Sales tax measures on the Nov. 6 ballot for neighboring Orinda and Moraga offer disparate approaches to fixing deteriorating roads.

Orinda's decaying streets need $52 million of repairs in part because officials couldn't rally two-thirds voter support for past bond measures to fix them. Moraga's bill is half as much and town leaders want to make sure their bill doesn't escalate to the level of the city next door.

Orinda leaders are asking voters for just some of the needed money with warnings there will be future requests for more. Moraga leaders are seeking enough to fix roads now and maintain them in the future.

Neither measure is ideal, but they are the best solutions to difficult funding and political dilemmas. Hence, we endorse Measures L in Orinda and K in Moraga.

Measure L would increase the sales tax in Orinda by a half-cent on the dollar for 10 years, raising the current rate from 8.25 percent to 8.75 percent. The next phases of the road-repair plan call for property tax increases in 2016 and 2020, and then another vote in 2022 to extend the sales tax. City leaders hope that once residents see some of the road improvements they will be willing to fund more.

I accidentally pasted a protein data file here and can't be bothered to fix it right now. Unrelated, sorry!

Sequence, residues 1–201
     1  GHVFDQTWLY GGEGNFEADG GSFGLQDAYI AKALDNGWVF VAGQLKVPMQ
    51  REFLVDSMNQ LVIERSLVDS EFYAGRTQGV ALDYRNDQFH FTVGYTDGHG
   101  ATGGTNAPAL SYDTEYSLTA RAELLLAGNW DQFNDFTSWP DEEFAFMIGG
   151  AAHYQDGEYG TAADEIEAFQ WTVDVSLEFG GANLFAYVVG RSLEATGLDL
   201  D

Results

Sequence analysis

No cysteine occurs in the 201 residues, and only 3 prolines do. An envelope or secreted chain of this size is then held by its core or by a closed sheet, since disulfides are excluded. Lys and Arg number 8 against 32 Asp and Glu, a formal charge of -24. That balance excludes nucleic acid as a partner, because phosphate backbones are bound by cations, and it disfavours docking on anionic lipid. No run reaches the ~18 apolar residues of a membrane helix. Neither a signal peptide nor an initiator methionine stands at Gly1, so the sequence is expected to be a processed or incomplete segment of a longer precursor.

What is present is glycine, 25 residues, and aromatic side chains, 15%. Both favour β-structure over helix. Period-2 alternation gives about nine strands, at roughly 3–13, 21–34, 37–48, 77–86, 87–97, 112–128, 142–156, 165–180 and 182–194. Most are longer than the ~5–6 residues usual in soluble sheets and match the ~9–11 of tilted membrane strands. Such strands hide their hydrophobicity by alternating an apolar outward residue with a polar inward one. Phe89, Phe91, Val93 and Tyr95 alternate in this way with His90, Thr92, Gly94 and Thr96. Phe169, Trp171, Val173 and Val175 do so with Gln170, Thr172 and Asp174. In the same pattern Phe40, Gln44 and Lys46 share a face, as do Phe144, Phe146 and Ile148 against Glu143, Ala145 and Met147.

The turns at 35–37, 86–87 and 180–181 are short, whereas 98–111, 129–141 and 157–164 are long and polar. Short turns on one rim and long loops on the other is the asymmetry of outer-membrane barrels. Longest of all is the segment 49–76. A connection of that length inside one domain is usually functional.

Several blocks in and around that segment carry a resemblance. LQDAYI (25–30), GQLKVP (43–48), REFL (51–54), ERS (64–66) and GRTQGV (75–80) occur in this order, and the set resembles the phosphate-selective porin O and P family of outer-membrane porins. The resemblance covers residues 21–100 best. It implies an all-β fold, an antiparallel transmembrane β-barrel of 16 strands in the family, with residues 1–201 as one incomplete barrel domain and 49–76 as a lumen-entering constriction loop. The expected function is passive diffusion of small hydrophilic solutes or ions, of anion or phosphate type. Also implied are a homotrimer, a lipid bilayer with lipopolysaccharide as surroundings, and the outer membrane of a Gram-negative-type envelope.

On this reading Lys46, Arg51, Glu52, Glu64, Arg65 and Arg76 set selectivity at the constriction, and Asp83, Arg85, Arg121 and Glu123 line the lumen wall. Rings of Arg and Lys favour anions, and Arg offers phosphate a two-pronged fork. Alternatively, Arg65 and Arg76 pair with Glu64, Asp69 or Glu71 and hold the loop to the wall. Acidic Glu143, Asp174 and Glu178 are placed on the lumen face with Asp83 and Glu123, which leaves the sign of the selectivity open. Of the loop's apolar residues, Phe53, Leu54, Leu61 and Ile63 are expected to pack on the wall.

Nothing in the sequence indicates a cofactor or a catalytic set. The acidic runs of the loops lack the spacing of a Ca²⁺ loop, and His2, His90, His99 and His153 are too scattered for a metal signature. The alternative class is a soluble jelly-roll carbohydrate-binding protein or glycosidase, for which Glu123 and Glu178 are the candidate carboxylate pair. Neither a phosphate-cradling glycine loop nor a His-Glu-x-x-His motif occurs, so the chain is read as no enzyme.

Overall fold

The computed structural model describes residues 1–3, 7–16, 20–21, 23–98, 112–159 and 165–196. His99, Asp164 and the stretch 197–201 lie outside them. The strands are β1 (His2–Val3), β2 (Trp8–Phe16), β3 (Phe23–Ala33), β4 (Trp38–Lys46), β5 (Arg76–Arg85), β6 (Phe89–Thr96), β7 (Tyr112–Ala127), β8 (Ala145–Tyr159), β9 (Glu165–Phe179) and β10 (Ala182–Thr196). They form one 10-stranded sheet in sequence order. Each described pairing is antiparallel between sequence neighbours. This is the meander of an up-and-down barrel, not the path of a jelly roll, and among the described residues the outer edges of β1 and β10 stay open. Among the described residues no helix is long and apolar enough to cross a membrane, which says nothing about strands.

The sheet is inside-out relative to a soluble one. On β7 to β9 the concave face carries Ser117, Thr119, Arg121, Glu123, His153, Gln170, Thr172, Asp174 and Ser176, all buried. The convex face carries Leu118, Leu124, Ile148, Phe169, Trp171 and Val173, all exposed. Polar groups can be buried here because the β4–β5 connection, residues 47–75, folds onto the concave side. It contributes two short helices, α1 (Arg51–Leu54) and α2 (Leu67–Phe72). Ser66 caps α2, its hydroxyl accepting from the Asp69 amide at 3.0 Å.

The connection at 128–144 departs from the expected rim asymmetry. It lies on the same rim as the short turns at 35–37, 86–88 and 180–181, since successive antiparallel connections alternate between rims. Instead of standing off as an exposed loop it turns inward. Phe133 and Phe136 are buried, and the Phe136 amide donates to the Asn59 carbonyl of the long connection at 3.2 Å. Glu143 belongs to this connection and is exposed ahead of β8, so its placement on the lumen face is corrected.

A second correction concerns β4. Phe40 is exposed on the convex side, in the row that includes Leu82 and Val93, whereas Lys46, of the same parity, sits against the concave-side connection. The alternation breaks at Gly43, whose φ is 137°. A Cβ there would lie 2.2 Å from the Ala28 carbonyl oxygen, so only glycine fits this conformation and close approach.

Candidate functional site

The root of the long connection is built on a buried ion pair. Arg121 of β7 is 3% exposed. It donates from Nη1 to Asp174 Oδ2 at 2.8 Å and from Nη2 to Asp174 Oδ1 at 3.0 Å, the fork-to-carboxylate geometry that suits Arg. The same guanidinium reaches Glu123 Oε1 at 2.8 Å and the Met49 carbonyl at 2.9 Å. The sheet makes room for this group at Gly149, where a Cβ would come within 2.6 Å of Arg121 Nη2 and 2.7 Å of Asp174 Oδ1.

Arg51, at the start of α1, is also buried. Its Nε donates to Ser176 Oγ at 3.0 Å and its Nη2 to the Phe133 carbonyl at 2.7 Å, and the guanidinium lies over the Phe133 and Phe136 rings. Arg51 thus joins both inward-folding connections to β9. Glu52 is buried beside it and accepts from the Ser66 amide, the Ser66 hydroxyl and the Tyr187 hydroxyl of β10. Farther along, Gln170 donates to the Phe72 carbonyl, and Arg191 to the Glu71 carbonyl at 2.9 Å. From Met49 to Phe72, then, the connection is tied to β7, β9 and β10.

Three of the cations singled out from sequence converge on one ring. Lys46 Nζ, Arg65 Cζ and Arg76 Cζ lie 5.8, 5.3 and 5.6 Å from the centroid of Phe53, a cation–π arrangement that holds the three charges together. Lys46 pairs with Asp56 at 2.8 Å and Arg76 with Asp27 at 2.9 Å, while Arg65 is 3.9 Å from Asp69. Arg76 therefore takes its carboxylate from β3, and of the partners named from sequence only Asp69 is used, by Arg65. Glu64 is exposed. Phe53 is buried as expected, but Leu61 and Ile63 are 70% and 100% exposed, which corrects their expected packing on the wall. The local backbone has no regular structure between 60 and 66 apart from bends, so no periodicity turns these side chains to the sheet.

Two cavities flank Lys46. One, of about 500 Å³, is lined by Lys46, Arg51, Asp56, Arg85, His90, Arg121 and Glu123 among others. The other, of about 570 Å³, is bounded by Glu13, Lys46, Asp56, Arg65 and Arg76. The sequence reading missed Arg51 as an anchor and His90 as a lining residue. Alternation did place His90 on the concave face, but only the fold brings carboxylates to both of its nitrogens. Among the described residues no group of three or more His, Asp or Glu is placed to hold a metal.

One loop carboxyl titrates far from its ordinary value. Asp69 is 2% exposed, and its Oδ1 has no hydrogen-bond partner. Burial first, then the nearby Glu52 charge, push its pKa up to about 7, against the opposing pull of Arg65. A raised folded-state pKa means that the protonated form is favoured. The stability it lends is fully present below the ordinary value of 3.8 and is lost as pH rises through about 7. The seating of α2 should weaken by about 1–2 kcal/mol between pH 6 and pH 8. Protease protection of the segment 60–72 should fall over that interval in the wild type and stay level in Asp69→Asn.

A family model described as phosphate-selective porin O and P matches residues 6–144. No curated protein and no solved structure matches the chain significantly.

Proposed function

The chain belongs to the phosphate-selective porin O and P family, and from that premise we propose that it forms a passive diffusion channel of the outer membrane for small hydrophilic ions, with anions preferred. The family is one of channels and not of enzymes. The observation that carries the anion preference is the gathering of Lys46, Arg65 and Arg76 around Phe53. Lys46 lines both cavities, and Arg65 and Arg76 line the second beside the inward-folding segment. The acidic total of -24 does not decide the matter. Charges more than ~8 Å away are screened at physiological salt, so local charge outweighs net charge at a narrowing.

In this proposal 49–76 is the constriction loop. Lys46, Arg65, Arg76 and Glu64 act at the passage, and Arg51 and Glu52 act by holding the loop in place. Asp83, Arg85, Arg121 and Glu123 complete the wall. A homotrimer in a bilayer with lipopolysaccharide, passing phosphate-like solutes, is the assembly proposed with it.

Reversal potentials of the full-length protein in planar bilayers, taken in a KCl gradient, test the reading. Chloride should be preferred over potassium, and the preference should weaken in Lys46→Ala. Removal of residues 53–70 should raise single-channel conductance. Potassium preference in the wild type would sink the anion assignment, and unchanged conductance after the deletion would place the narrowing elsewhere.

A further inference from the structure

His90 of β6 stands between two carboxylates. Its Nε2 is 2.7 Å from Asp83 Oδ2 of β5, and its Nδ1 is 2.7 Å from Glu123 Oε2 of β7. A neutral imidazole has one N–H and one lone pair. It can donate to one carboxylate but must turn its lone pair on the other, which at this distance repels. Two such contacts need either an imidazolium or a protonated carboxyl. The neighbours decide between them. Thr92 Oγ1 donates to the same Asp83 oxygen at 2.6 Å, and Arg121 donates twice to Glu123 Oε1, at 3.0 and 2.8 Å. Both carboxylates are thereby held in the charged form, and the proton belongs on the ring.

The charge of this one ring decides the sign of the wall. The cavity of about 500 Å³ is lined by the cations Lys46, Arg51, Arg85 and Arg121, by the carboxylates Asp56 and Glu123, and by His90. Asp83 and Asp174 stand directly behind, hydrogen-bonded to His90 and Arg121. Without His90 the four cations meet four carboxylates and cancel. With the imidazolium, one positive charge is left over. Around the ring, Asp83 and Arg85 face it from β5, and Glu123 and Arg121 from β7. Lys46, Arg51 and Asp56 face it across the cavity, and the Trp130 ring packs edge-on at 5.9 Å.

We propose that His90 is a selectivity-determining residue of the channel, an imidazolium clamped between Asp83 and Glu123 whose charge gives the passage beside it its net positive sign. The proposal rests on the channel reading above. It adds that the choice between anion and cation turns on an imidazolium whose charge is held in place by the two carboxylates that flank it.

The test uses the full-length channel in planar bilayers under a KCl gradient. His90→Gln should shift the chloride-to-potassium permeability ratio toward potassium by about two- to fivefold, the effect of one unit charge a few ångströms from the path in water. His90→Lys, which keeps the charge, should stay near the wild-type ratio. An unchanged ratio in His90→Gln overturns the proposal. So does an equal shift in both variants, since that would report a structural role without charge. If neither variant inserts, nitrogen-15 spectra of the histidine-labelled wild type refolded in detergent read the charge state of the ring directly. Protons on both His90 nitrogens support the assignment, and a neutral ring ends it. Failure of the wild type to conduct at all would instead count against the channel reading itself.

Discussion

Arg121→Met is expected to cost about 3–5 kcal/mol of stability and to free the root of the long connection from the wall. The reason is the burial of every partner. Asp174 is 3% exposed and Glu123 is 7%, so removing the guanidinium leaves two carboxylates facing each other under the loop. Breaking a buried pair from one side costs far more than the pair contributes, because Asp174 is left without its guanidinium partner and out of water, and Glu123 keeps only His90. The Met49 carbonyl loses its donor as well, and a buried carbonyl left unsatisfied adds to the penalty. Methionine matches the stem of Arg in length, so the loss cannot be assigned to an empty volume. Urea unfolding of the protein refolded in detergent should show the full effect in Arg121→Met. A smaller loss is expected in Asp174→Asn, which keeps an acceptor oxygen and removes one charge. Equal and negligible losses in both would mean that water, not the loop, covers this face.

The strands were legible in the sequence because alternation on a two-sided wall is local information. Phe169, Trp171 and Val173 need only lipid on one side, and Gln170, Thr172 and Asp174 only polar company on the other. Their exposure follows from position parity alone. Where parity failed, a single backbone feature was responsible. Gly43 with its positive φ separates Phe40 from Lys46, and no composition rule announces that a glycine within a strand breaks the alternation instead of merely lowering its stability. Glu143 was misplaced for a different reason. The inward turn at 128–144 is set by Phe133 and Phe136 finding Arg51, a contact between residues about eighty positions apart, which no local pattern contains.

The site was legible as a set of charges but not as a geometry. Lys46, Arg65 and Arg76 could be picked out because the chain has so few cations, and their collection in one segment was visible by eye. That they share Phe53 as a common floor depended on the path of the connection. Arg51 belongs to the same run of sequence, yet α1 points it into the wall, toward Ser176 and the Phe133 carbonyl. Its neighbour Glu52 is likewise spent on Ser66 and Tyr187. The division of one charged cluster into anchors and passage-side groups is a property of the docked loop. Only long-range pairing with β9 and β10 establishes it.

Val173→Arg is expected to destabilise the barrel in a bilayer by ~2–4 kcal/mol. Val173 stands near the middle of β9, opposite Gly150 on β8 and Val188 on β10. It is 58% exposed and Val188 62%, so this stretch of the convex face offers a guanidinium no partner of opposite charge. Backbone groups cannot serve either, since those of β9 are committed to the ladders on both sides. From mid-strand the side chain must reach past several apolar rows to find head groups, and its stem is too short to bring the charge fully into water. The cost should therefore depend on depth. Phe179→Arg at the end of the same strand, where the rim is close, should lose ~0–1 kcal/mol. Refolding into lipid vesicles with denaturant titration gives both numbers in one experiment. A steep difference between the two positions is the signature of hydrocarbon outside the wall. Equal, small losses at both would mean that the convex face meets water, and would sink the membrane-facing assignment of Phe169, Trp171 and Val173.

Moraga leaders are taking an all-at-once strategy. Measure K seeks a sales tax for twice as long, 20 years, and twice as much, a penny on the dollar. Town leaders plan to use the steady revenue stream as security to float bonds for immediate road repairs. By fixing streets early, they correctly calculate, they will avoid larger repair bills later.


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However, the increase would raise the sales tax rate in the city to 9.25 percent, the highest in the East Bay, matched only by El Cerrito and Union City. We generally dislike single-city sales tax increases because they are regressive and they put the city at a competitive disadvantage.

But, in this case, we're willing to accept the regressivity because the sales tax is probably the best option, the town is economically relatively well-off and the city is operated very frugally. We worry about the possible effect on sales if residents go elsewhere for their shopping, but we also recognize that Moraga is relatively isolated and doesn't have big-box retailers, so the effect will probably not be as significant.

A word of caution to Orinda and Moraga residents: They must carefully watch how the money is spent because Measures K and L will raise unrestricted general fund money.

Because of California's irrational tax rules, a sales tax measure that carries no restrictions on how the money is spent requires only majority voter approval. But taxing options that restrict the use of the money to road repairs would require two-thirds approval. That's why past Orinda measures failed.

Both city councils promise to spend the funds on roads. But council members change over time. It will be up to voters to make sure they elect representatives who respect the measures' intents.

ONLINE EXTRA
Go to www.contracostatimes.com/endorsements to view our list of voter recommendations and our Editorial Board video candidate interviews of various races.